“Surely, from now on all generations will call me blessed;
for the Mighty One has done great things for me,
and holy is God’s name.
The Lord’s mercy is for those who fear God
from generation to generation.”
–Luke 1:48b-50 (part of Mary’s song, “The Magnificat”)
Advent-Christmas is often a time we look back. I enjoy decorating our family Christmas tree with ornaments from my childhood. Some draw laughter (those ornaments I made in elementary school); others hold dear memories (the donkey I selected from the tree of Drucilia King, a shut-in my sister and I visited every Christmas Eve with my father). I enjoy cooking the toffee my grandmother made while Jenny tastes Christmas in her grandmother’s peanut butter fudge. The ornaments and family recipes remind us of our family origins—that the hope, peace, joy, and love we celebrate at Christmas have been passed to us from generation to generation.
This Advent, I’m also reminded of the importance of remembering the generations before us as our congregation prepares to make significant decisions about our church and its existence for generations yet to come. We are here today because of the blessings shared with us from generations past. We have a legacy of faithfulness to live into as we strive to be stewards of our church’s calling that stretches back to our origin in 1827.
Matthew’s Gospel opens with the origin story of Jesus. Before angels appear to Joseph in dreams, before Mary gives birth, before the Magi visit, we are reminded that Jesus has an origin story too. Indeed, his origin story is crucial to understanding the rest of Matthew’s Gospel. This genealogy is carefully composed to root Jesus in the larger story of God’s work in the world.
Some of the names do not surprise us. The origin of Jesus begins with Abraham, the one called out to become a blessing to all the families of the world. The list also begins by naming David, a complex leader in Israel’s history—one whose life demonstrated the extremes of faithfulness and unfaithfulness to the just ways of God. The list includes Jews and Gentiles, well-known figures and nobodies, the powerful (kings) and those will little social power (women from the margins). The genealogy on the one hand is consistent with ancient cultural norms, telling the origin of Jesus through the patriarchal structure of his era (thirty-nine times using the phrase “father of”), but also the origin unfolds in ways quite contrary to the these norms (the inclusion of five women). Indeed, in the end, the term “father of” is completely abandoned as the attention shifts to Mary while Joseph is given no agency in the conception of Jesus—the “from whom” in “from whom Jesus was born” is in the feminine singular.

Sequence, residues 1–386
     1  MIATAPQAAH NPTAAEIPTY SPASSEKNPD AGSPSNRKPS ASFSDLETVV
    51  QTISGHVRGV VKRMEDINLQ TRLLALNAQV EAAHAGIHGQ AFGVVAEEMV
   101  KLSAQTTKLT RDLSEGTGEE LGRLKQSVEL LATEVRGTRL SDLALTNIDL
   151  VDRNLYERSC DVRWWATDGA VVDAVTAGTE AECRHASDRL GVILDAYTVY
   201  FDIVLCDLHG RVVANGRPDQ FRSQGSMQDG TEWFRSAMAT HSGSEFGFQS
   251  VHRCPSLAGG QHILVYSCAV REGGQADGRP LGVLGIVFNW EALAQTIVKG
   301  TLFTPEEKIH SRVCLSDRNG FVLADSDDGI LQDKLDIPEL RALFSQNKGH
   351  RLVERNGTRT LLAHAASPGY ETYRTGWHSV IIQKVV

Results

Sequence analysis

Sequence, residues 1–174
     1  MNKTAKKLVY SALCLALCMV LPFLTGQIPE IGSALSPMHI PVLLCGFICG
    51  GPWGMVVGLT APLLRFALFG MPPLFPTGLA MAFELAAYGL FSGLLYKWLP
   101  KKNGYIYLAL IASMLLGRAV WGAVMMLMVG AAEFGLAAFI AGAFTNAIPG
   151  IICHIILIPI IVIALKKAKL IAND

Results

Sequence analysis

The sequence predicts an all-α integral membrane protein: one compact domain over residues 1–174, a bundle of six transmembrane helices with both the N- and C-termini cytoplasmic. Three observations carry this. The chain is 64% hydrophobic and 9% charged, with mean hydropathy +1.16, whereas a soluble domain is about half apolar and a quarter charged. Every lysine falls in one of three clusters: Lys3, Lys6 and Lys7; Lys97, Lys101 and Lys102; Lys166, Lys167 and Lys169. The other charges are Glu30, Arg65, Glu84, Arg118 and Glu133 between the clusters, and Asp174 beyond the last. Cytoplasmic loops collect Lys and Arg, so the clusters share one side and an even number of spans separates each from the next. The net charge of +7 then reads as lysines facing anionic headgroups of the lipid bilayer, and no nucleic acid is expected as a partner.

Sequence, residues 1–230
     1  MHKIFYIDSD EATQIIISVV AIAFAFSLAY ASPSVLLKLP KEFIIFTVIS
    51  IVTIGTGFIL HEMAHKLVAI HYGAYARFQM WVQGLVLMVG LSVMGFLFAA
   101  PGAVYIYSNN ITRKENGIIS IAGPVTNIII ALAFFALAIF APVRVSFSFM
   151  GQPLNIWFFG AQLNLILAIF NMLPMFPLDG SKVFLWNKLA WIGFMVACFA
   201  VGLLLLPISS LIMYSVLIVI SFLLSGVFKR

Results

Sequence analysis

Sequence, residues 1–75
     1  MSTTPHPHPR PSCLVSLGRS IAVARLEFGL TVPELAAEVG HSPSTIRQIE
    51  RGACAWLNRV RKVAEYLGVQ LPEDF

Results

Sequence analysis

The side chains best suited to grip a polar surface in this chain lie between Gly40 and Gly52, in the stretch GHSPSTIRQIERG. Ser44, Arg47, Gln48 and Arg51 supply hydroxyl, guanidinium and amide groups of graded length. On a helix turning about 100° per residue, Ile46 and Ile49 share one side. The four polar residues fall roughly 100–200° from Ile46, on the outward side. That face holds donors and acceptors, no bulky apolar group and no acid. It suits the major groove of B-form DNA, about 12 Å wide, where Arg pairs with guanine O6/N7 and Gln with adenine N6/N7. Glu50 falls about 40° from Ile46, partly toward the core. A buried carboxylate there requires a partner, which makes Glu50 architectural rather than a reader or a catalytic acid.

It is the five women in this origin story that we will turn our attention to throughout the Advent-Christmas season. Tamar, Rahab, Ruth, Bathsheba, and Mary are not just interesting because they are women included in a male-dominated genealogy. Each of them has an important story to tell. None of them had a culturally approved relationship with a man. Three of the five were ethnic outsiders (non-Jews), and another one (Bathsheba) was married to a Gentile before being taken by King David. Three conceived children outside the culturally approved bonds of a marriage contract. They were forced to use their bodies for economic security, political safety, and even to guarantee their continued existence. At the same time, each of them demonstrates a powerful resolve for life—for their own families and their larger communities. Their lives were put on the line to draw attention to injustice.
Isn’t it just fantastic that the Gospel of Matthew begins by connecting Jesus to these women! Indeed, their stories, their existence as part of the origin of Jesus, have a lot to tell us about who Jesus is and what he is up to in our world. Ultimately Matthew reminds us, as followers of Jesus they are part of our origin story too.
From Generation to Generation… This Advent-Christmas we celebrate our origins. Our family stories so present to us in the holiday season. Our congregational story as we discern important decisions that will shape generations yet to come. Our reading of the origin of Jesus, which shapes our understandings of what it means to follow in the Way of Jesus today.